The Art of Travel

You will be wondering why I haven't spared Alain de Botton's The Art of Travel for the imminent trip, since this appears to be the quintessential travelling companion. Having finished it now, I assure you it is not! As a matter of fact, it is the ideal book to read before taking off to distant places. Here is the final paragraph which sums up rather nicely:

"We meet people who have crossed deserts, floated on icecaps and cut their way through jungles - and yet in whose souls we would search in vain for evidence of what they have witnessed. Dressed in pink and blue pyjamas, satisfied within the confines of his own bedroom, Xavier de Maistre was gently nudging us to try, before taking off for distant hemispheres, to notice what we have already seen."

De Botton's book is a wonderfully unhurried eye opener towards today's high speed, long distance frenzy. Its classical style and execution in five sections (Departure, Motives, Landscape, Art, Return) together with its lavish accoutrement (I have the first edition) makes it splendid reading for the discerning armchair traveller with an occasional spike in his airmailairmiles account. About which he may feel uncomfortable when reading about John Ruskin's travelling habit of never making more than fifty miles a day ...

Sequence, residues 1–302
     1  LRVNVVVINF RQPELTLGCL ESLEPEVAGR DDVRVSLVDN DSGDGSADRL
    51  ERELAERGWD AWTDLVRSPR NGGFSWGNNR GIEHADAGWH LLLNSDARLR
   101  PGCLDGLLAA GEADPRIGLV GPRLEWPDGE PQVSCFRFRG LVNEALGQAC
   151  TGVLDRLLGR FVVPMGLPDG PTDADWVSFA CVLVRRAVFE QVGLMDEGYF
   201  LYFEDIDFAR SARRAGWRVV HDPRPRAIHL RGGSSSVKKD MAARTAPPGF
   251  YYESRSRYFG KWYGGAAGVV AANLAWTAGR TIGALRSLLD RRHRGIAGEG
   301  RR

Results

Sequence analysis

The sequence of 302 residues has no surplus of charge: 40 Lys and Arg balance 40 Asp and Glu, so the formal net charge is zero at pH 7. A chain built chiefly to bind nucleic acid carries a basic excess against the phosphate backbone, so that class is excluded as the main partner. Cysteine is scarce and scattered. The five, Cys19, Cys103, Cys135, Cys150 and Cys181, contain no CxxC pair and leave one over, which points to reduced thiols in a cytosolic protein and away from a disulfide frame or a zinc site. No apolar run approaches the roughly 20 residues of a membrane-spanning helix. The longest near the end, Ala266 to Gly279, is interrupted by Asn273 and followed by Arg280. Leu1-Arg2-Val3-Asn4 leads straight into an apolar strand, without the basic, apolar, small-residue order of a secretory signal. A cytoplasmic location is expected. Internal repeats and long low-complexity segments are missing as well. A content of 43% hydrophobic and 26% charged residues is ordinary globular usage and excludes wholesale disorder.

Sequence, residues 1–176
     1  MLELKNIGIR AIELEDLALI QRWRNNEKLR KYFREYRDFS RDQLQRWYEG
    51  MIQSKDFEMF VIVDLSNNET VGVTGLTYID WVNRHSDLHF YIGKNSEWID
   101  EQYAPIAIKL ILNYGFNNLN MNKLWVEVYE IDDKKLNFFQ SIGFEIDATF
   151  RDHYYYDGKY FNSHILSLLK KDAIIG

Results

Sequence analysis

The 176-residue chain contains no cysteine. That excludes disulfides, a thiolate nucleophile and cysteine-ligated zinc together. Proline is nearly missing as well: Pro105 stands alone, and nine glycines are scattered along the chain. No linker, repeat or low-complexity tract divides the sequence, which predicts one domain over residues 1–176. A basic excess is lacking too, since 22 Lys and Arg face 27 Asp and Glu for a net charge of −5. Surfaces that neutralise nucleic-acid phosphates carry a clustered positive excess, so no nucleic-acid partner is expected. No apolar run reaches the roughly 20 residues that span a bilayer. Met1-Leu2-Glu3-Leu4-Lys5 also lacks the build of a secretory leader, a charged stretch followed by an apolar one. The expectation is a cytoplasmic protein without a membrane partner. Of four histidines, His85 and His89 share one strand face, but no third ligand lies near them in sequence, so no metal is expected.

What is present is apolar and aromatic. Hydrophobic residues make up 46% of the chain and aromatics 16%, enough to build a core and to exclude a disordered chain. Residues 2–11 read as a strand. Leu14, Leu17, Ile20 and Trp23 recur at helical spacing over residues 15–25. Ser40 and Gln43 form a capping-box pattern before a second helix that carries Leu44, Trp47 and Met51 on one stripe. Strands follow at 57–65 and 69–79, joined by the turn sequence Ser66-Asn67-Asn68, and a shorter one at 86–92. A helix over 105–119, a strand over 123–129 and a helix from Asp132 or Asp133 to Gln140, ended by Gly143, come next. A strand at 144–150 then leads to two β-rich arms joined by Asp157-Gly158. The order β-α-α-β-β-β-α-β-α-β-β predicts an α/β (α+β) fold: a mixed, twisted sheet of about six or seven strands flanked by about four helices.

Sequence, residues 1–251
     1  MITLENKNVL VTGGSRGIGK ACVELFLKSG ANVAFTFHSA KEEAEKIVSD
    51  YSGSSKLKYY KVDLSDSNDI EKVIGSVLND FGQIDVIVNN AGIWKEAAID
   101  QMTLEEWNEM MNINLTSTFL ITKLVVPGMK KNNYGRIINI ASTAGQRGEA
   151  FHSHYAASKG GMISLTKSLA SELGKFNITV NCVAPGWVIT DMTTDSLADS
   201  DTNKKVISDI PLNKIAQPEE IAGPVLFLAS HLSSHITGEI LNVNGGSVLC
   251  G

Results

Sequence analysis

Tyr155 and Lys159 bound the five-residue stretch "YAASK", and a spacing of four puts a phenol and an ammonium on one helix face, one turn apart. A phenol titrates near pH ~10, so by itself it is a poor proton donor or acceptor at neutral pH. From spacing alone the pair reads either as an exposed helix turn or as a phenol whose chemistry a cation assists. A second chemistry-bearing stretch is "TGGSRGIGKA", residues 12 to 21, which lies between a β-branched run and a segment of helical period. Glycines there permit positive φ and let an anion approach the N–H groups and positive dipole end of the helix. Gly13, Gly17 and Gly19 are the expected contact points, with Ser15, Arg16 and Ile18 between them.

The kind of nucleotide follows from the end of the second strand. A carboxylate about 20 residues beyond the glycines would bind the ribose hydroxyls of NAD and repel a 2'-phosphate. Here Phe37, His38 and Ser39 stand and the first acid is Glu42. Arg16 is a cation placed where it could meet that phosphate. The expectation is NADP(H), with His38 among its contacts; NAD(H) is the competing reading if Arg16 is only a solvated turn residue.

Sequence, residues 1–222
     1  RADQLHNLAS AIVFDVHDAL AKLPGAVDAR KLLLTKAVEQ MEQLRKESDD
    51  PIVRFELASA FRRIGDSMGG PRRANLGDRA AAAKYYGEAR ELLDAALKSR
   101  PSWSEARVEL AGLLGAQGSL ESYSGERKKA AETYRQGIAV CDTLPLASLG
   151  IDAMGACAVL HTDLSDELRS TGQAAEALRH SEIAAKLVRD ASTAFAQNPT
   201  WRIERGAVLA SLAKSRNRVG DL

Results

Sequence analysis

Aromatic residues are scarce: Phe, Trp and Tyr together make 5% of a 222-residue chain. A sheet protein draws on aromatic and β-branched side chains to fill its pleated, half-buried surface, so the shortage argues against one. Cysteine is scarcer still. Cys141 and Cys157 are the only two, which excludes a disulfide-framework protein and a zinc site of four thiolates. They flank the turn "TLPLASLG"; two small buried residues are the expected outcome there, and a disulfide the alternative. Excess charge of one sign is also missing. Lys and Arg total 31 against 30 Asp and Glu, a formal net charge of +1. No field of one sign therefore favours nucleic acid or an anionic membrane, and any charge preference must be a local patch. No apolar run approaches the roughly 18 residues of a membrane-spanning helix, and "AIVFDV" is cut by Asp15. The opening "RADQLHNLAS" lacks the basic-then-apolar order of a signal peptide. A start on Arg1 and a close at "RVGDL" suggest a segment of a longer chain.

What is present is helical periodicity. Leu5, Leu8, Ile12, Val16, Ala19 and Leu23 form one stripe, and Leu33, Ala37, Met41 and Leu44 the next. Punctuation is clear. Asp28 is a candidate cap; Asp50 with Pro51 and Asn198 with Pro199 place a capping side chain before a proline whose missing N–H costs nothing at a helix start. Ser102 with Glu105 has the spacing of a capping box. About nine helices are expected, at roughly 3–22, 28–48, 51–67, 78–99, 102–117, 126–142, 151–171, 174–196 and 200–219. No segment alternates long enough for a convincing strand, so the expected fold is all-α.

Joel said...

Like you, I read this book before I went on holiday and its messages come back to me frequently. Not only about the nature of travel, but also what we take from the experience. For me, his first chapter sums up so well what *really* happens when we go away - we want to think things will be different, but in fact we are the same people with the same issues, just in a different place!

And Ruskin was right, you know, about some things - in particular his suggestion that we sketch what we think is beautiful to understand the nature of its beauty. Clever, that.

Chris said...

Ah, I was already wondering where that expectations analysis of yours in your Mumbai post came from. Now everything is quite clear.

Retrospectively, both aspects you mention strike me as the most important take aways from that book. Did I mention Ruskin somewhere on the blog? I think not - but I thought about him frequently during my trip!

Chris said...

Silly me - of course I mentioned him, just not in that context!